Haha, ok. So it seems the values used for the angles aren't really comparable to A_SetPitch; I had to multiply them by at least 1000 to get similar results.

The working code now looks like this:

Script "Recoil" (void)
 {
  Delay(1);
  SetActorPitch(0, GetActorPitch(0)+10000);
 }
Now I can proceed to refine the effect, such as adding a more gradual recoil and returning motions, and then make new scripts with varying recoil strengths for different weapons.

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D2Jk said:

EDIT 2:

Haha, ok. So it seems the values used for the angles aren't really comparable to A_SetPitch; I had to multiply them by at least 1000 to get similar results.

The reason for that is that pitch is a fixed point number, and ACS expects the value of it to be in the form of x.y, e.g., 15.0 and not just 15.

If a function in ACS expects a fixed point number, putting the number without the point part doesn't give the expected value. For instance, 15 (without the point) actually equals to 0.0002288818359375 (15/(2^16)) and not 15. That's why you didn't notice any change in the pitch, because it was practically zero.

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D2Jk said:

So my question now is: do I need to utilize libraries at all at this point? If I've understood, they're used to make things more manageable in a large-scale project, but what about if I only have this single, simple script I'm trying to get to work currently?

If you want the script to be reliably available in every map, use a library. Otherwise, you'll have to copy-paste it in every single map script. And if your mod does not come up with its own maps, you have no choice but to use a library.

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Thanks Blue Shadow, Gez. Good to know.

One quick question: since the value in Delay() equals to tics, I assume one still can't adjust them in finer increments than 1/35th of a second (eg. Delay(0.5))?

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The entire game logic runs at 35 Hz. You cannot use less than one tic.

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Ok, that's what I thought.

I have another ACS related question, hope you don't mind. As an additional recoil effect, I've had the HUD weapon sprites to nudge downwards a small distance when you fire, and then return. So far I've been doing using the Offset(x,y) keyword. I was wondering if the same could be achieved with a script, as it would simplify the code and maybe be more sophisticated at the same time. To tailor the effect for each weapon, A_NamedExecute could pass custom arguments to a generalized script (Recently I converted the recoil script above to do just that).

Unfortunately, at least on this page, I can't seem to find anything related to controlling HUD sprite offsets, nor could I find anything useful by searching around. Is this impossible to do with scripting?

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I see... maybe some of these days then.

I'm having a bit of problem with A_SpawnItemEx. I made a weapon to eject bullet casings, and the effect seemed ok, until I noticed that the spawn offset of course didn't take player's pitch into the account. So if the player was looking down with the weapons, the casing would appear out of thin air.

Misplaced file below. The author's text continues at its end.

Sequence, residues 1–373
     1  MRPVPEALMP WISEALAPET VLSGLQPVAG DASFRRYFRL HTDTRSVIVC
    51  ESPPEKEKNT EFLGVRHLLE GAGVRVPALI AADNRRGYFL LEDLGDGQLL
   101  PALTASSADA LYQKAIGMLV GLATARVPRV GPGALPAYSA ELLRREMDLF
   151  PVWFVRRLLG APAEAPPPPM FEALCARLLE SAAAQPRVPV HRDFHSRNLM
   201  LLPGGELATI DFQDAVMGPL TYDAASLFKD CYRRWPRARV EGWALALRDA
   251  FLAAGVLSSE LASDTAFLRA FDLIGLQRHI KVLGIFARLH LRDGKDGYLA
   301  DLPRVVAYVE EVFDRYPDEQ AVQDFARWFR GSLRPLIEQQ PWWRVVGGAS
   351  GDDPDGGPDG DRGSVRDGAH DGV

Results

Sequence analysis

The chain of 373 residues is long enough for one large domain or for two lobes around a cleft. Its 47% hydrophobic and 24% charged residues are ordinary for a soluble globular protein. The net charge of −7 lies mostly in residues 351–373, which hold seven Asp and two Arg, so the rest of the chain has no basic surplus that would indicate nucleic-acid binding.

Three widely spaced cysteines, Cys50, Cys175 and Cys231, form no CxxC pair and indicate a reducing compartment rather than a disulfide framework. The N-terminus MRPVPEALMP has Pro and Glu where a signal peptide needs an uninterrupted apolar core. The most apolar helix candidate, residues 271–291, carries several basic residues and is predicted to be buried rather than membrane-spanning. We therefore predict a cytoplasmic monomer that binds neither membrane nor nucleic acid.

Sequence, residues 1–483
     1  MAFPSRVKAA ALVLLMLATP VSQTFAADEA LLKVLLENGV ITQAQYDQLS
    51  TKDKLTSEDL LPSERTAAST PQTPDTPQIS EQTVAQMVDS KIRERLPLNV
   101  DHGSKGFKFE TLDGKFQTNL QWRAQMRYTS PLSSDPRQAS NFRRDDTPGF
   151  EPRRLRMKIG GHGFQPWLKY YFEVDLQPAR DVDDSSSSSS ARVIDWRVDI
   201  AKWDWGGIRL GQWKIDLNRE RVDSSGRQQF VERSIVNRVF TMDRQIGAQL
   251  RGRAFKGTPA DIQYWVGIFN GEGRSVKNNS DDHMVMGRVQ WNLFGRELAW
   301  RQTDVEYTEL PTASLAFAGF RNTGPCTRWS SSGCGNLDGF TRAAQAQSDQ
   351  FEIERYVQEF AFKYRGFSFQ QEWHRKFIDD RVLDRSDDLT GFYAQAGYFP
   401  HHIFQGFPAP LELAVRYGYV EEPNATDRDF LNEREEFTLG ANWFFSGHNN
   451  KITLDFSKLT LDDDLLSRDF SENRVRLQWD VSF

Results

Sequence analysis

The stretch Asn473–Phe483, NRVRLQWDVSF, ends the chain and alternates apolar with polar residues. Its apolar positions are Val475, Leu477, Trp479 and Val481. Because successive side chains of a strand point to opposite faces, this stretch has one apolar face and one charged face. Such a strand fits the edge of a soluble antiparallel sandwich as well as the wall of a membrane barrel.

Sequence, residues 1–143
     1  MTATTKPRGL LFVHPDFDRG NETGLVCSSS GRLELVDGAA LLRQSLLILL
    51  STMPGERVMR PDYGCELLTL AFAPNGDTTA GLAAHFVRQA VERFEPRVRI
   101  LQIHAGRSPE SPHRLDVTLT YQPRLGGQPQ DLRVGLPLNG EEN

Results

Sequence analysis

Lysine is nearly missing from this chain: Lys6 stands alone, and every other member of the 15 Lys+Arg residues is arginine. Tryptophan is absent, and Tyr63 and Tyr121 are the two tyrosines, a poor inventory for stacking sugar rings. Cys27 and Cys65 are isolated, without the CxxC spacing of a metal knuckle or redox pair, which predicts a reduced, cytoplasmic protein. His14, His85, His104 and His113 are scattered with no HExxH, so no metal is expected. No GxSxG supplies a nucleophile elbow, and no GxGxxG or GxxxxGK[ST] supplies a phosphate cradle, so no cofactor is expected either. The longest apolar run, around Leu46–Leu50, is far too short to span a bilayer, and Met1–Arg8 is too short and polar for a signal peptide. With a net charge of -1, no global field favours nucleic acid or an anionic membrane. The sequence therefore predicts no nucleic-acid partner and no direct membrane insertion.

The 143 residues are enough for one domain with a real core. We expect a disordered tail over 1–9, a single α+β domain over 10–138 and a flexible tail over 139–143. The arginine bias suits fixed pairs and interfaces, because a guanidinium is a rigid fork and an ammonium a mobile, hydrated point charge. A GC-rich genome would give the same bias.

I figured I'd try to fix the problem by using the "pitch" variable this way:

A_SpawnItemEx("BulletCasing1", 32,0,(26-pitch*0.7))
It works fine while the pitch is perfectly level or I'm looking downwards, eg. at the floor. However, if I try to look upwards, the spawning of the casings ceases. What am I missing? If I've understood correctly, I shouldn't have run into any kind of an upper limit with that.

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Pitch is an angle, so you should be using trigonometry rather than a simple multiplication.

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Fixed it now, thanks.

I noticed that the axises in decorate velx/y/z seem to be relative to the world, not the player or actor. In the spawn settings, I've set the player's current velocity to affect the velocity of the spawned casings, but the effect is inconsistent depending on in which direction the player is facing in the world (N/E/S/W). So for example, velx isn't strictly forward/backward velocity, if you keep turning around.

Probably the z-axis movement would work on its own, but for x and y axises I would have to use a formula involving trigonometry again.

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D2Jk said:

Fixed it now, thanks.

I noticed that the axises in decorate velx/y/z seem to be relative to the world, not the player or actor. In the spawn settings, I've set the player's current velocity to affect the velocity of the spawned casings, but the effect is inconsistent depending on in which direction the player is facing in the world (N/E/S/W). So for example, velx isn't strictly forward/backward velocity, if you keep turning around.

Probably the z-axis movement would work on its own, but for x and y axises I would have to use a formula involving trigonometry again.

It's stuff like this that is really intimidating. I would love to know if you ever solved it.